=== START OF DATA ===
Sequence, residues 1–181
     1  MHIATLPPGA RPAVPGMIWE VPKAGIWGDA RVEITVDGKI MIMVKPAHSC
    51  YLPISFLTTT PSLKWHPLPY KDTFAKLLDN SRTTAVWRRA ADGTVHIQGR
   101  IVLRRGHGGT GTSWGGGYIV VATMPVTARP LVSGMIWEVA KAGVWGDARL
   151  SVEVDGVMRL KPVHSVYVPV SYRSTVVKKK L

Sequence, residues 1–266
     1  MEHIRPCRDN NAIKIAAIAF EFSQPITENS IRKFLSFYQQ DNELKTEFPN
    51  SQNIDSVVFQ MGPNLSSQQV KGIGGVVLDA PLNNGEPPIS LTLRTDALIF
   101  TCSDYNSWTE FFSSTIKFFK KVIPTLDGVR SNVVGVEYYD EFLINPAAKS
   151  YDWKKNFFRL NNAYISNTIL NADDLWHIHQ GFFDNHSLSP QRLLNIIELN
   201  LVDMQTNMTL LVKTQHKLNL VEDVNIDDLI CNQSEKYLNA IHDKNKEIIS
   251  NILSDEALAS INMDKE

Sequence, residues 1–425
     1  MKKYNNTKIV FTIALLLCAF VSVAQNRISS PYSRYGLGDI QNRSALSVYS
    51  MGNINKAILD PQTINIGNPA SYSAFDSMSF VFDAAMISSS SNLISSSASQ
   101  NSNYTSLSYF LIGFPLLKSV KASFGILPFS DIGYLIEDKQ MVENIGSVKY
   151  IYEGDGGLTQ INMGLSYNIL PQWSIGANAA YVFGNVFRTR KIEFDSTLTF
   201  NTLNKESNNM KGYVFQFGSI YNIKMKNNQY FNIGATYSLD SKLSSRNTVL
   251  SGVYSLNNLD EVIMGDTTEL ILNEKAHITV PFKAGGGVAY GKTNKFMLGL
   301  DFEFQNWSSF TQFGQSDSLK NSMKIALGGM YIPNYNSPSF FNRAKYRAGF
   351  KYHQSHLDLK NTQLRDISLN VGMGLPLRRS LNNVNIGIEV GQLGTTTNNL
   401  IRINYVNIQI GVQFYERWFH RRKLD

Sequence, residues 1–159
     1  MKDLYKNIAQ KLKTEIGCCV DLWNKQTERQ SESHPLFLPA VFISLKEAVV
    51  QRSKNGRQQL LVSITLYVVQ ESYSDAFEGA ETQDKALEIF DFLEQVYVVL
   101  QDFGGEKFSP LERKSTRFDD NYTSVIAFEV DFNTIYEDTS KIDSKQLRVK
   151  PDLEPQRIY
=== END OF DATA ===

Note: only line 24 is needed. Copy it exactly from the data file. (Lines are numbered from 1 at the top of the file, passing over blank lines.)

     1  MKDLYKNIAQ KLKTEIGCCV DLWNKQTERQ SESHPLFLPA VFISLKEAVV